Whatever you do, don’t let it evaporate naturally in enclosed spaces, in living areas, or in reach of children or pets.
Serving Bloody Eyeball Halloween Punch
The number one thing to keep in mind when serving this Bloody Eyeball Halloween Punch is to WATCH THE DISPLAY.
Do not let kids, drunk people, or clutzy people within arm’s reach of the punch bowl!
While you never want to let kids put their hands in something that is being served to others - and that’s especially important these days! - it’s especially important that little hands go nowhere near that bowl.
Have an adult - who’s been brought up to speed on what’s going on with the punch - serving it.
Ideally, don’t serve it until the “boiling” has completely subsided. If you must serve it while it’s off gassing, scoop the punch off the surface - don’t dig deep - and be sure to not get any ice in the glass.
MAKE SURE YOU DON’T PUT ANY ICE IN THE GLASS
As a note: Dry ice tends to sink at first - which is why it’s a good idea to not dig deep with the ladle - but once enough of the surrounding punch has turned to ice around it, it can behave more like normal ice, and float on top of the punch.
Personally, I recommend not using any ice in punch as a general rule (to avoid diluting the flavour!), but it’s especially important when you’re dealing with dry ice - you definitely don’t want to mistake a chunk of dry ice for a normal, safe ice cube!
In this case, it can APPEAR safe, but it’s not.
Dry ice is great for show, but absolutely should be kept away from the body!
More Halloween Ideas
If you're still considering ideas for fun Halloween recipes and other creative ideas, be sure to check out my:
3D Halloween Bat Cupcakes
Bacon Wrapped Mummy Meatloaf
Black Velvet Cupcakes
Bloody Eyeball Cupcakes
Breakfast Mummy Pastries
Easy Halloween Bat Cupcakes
Easy Spider Web Cookies
Fudgy Halloween Brownies
Glazed Halloween Popcorn
Gluten Free Mummy Dogs
Gluten-Free Mummy Jalapeno Poppers
Halloween Spider Web Cupcakes
How to Carve a Pumpkin Like a Pro
Lychee "Bloody Eyeball" Pancakes
Lychee Bloody Eyeball Halloween Pavlova
Keto Witch Finger Cookies
Gluten Free Witch Finger Cookies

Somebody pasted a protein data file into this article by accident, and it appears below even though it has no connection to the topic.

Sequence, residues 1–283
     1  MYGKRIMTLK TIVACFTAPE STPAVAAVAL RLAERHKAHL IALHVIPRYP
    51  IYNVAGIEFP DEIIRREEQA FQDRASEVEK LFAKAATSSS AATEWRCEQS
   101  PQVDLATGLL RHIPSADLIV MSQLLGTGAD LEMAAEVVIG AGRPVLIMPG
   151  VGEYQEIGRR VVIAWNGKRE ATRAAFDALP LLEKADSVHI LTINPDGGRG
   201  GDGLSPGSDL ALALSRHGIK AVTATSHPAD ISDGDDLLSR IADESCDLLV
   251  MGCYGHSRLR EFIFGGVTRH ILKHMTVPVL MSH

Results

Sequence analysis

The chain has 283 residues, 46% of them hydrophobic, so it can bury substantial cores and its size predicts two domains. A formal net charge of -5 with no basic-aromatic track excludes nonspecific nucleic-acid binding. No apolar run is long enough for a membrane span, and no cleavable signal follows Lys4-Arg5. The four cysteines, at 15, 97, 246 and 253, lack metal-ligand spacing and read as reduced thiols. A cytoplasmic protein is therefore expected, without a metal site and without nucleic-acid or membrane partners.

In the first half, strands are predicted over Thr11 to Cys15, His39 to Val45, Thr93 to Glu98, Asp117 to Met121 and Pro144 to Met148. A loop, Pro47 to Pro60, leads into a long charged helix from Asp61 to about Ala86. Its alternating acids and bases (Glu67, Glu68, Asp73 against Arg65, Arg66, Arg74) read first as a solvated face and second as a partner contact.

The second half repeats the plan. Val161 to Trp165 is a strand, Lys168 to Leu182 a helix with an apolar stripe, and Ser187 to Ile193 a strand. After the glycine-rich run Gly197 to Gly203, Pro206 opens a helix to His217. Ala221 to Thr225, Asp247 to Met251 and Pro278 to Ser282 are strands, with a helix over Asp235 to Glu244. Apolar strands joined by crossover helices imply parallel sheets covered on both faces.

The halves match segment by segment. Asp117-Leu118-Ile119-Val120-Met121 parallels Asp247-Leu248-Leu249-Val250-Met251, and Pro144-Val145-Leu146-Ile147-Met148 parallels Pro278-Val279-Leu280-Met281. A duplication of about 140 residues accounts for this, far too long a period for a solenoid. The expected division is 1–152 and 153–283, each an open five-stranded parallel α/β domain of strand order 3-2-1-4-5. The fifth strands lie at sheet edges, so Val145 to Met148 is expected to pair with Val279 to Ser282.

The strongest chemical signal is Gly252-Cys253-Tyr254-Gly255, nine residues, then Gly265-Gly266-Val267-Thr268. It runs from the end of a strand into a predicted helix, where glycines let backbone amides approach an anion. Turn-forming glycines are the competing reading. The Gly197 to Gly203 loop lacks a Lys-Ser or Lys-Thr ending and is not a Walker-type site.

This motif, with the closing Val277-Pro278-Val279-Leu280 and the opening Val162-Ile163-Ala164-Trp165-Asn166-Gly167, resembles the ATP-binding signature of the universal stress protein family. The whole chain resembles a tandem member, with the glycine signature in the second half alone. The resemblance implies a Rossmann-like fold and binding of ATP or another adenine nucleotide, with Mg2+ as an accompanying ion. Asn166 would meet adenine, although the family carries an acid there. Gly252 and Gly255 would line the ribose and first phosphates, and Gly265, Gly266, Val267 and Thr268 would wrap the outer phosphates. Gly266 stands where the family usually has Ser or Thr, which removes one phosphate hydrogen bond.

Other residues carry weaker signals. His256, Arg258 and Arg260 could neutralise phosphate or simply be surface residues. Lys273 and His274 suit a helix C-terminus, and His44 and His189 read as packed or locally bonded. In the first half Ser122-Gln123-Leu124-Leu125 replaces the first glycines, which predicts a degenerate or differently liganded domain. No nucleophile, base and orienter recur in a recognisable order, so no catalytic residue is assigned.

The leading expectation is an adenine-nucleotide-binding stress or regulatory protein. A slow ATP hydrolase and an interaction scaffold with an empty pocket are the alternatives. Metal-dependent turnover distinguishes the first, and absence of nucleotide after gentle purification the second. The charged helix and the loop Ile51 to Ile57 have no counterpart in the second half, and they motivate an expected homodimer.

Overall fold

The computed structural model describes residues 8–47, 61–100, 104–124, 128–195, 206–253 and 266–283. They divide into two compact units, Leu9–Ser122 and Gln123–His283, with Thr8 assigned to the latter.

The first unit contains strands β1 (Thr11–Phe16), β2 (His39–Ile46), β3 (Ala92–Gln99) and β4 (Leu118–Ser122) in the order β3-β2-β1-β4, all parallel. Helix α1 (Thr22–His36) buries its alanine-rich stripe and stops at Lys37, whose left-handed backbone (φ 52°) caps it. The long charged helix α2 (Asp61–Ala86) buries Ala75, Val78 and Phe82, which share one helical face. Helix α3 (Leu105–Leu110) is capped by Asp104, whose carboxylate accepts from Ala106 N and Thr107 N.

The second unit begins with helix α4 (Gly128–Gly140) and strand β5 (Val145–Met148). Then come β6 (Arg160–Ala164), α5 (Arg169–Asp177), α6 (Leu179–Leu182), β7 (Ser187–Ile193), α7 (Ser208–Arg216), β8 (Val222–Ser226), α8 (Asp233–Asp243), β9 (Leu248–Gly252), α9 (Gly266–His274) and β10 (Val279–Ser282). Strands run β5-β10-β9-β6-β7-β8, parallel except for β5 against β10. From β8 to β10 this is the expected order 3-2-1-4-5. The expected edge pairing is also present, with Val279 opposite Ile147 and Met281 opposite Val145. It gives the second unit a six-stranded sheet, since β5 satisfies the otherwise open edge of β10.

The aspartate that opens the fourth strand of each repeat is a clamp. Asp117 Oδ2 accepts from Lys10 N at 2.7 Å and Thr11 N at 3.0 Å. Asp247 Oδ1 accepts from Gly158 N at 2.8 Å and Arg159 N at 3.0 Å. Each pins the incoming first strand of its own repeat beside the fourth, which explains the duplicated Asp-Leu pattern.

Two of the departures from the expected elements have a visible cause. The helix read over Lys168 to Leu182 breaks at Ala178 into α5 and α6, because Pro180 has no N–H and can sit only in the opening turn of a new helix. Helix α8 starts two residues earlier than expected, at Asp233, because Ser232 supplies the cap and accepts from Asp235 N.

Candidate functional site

Mummy Jalapeno Poppers
Nightmare Before Christmas Cookies
Spider Bread Bowl
... and check out our Holiday Recipes section for recipes to suit any holiday!
Share the Love!
Also, be sure to subscribe to my free monthly email newsletter, so you never miss out on any of my nonsense. Well, the published nonsense, anyway!
Finally, if you love this recipe, please consider sharing it on social media, and leaving a star rating and/or a comment below!
Anyway, now that I’ve probably scared you off the idea of using dry ice altogether, let’s get to my Bloody Eyeball Halloween Punch recipe, eh?
Spooky Bloody Eyeball Halloween Punch [With Dry Ice]
- 1 can Lychees in syrup
- ⅓ cup Seedless raspberry jam
- 2 L Ginger Ale or Lemon Lime soda of choice
- 1 can Pineapple juice 1.36L / 46 oz
- Lime green food colouring
- 1 small scoop Dry ice pellets Optional
- Strain lychees, reserving syrup.
- Using a small spoon or a pastry bag, fill each lychee about ½ full with raspberry jam.
- Place one blueberry in each lychee, choosing blueberries that are a relatively tight fit for each lychee.
- Set these "eyeballs" aside
- In a large punch bowl, mix together reserved lychee syrup, soda, and pineapple juice.
- Use food colouring to tint your punch as desired*
- Cover and chill until serving, if you're making it ahead of time.
- Just before serving, add "eyeballs" to the punch bowl.
- If you're using dry ice, CAREFULLY AND FOLLOWING SAFETY INSTRUCTIONS, add a small scoop of dry ice pellets to the filled punch bowl.